A tremendous feeling of joy and relief. That’s what I went through upon listening “Omega” for the first time. Epica were always a huge part of my life, and they’ve been here with me pretty much since their inception almost 20 years ago; through highs and lows, ups and downs, they always have the perfect song, message or purpose for every situation in life. I can’t imagine my musical journey without them. Having said that, imagine my anxiety when I held in my hands “Omega”, their brand new studio album, the first in 5 long years, and the successor of the highly acclaimed masterpiece “The Holographic Principle.” Sure, we had some new music in the form of 2017’s EP “The Solace System” and 2018’s “Epica Vs. Attack on Titan Songs”, but this was the first true taste of the band’s next step in their ever-growing career, breaking their longest gap ever between full studio albums.
And I was feeling joy. The joy of reconnecting with and old friend, finding out they’re the same lovable, caring people you fell in love with, but also more matured and constantly evolving into something beautiful. And relief, for confirming they never disappoints. This is more than clear when you see the amount of work and the level of detail carefully crafted in this album, making it the most complete and ambitious outing in their entire discography. It’s hard to make a piece this memorable in the saturated and convoluted symphonic metal world, but Epica always manage to take things several steps further, and “Omega” is no exception.
Front-man, guitarist and mastermind Mark Jansen declared earlier this album was composed with the live shows in mind, filling it witch catchy, focused and energetic songs which provides the perfect setting for future live performances. That proves to be totally accurate on most of the songs on “Omega”, from the impeccable singles “Abyss of Time – Countdown to Singularity” and “Freedom – The Wolves Within”, to other most intriguing outings like “The Skeleton Key”, a glorious mid-tempo anthem filled with mysterious verses and a powerful chorus; or the strongly middle-eastern influenced “Seal of Solomon”, which has one of the most perfect and potent choruses of the entire album, guaranteeing being a total banger when live shows resume.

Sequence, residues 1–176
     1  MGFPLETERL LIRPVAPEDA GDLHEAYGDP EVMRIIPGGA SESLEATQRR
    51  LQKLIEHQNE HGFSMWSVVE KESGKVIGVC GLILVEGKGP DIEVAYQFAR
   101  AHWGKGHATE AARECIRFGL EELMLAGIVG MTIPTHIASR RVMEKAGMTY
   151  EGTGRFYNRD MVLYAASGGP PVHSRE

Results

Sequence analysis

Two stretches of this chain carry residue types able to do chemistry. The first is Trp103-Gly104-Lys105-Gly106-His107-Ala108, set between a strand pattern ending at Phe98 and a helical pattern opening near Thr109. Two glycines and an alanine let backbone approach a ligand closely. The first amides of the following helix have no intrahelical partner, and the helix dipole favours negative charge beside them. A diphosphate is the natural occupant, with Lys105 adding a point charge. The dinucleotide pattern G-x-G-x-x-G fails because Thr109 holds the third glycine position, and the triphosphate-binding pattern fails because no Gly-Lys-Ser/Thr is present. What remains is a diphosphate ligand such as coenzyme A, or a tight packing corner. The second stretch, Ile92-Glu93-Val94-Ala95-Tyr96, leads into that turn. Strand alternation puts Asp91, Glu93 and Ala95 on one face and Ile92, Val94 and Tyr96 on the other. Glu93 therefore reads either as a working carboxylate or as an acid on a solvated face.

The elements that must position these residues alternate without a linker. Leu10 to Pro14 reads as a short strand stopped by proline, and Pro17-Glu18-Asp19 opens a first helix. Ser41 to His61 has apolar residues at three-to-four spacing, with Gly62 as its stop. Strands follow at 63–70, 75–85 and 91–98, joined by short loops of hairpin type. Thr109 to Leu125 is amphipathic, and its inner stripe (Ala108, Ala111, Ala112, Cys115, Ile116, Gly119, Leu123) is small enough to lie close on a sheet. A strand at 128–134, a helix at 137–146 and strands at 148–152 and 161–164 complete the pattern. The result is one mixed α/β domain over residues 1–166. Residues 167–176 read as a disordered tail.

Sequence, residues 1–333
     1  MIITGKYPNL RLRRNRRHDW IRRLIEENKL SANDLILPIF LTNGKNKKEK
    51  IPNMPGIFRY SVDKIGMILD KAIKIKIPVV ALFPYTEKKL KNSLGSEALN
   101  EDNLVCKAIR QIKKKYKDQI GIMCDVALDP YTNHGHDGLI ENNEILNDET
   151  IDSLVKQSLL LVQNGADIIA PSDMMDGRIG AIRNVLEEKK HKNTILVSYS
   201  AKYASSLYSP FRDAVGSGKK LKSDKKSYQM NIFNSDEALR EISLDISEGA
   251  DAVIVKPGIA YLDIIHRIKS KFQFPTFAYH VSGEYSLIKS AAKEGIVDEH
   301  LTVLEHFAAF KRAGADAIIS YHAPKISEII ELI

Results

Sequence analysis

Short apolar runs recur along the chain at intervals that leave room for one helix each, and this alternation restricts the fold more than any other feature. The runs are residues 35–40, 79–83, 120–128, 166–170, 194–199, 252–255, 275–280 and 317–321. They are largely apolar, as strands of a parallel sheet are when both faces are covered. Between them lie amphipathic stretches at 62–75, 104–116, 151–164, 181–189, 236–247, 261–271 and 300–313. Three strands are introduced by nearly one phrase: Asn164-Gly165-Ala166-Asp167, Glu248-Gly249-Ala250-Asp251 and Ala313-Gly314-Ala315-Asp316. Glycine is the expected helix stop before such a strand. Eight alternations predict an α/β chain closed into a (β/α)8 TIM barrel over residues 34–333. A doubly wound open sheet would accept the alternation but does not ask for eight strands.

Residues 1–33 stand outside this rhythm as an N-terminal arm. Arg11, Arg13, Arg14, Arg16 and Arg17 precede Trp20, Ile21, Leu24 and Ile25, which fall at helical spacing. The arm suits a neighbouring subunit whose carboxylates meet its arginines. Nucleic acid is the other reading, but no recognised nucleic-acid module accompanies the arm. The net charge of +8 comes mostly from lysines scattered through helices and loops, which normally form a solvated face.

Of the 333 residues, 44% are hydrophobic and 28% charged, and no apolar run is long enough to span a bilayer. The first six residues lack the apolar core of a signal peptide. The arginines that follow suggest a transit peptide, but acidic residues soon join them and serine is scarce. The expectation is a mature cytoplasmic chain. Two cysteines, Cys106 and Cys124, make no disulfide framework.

First half of the album continues with “Gaia”, another strong and focused gem filled with exquisite vocal melodies. Vocalist Simone Simons sounds better than ever, providing the right amount of balance between old and new grounds. In fact, the whole band is sounding tight and united, demonstrating the strong bond between every member. The middle-eastern sparkles continues to shine in the astounding “Code of Life”, with special guest Zaher Zorgati of Myrath providing an enchanting intro. One could say the song functions as a perfect mix between the two bands, full of twist and turns, extreme metal sections and memorable choruses. The choir is always an essential part of Epica and this time the songs rely more than ever on that aspect, taking the meaning of “epic” to a whole other level.
The centerpiece of the album is, without question, the monumental “Kingdom of Heaven pt. 3 – The Antediluvian Universe.” Clocking at 13 minutes and 24 seconds, it becomes one of the longest tracks in Epica history. It closes the trilogy that started in “Design Your Universe” (2009) and followed in “The Quantum Enigma” (2014) in tremendous fashion, providing enough ground for the song to evolve and experiment, surprising us at every turn. I dare to say this is one the best songs Epica has ever written, it has it all: the emotion, the drama, the extreme metal sections, the acoustic/orchestral ones, dreamy choruses, crushing riffs and the looming sensation we’re witnessing something greater than life. It truly leaves us wondering what’s left for the rest of the album.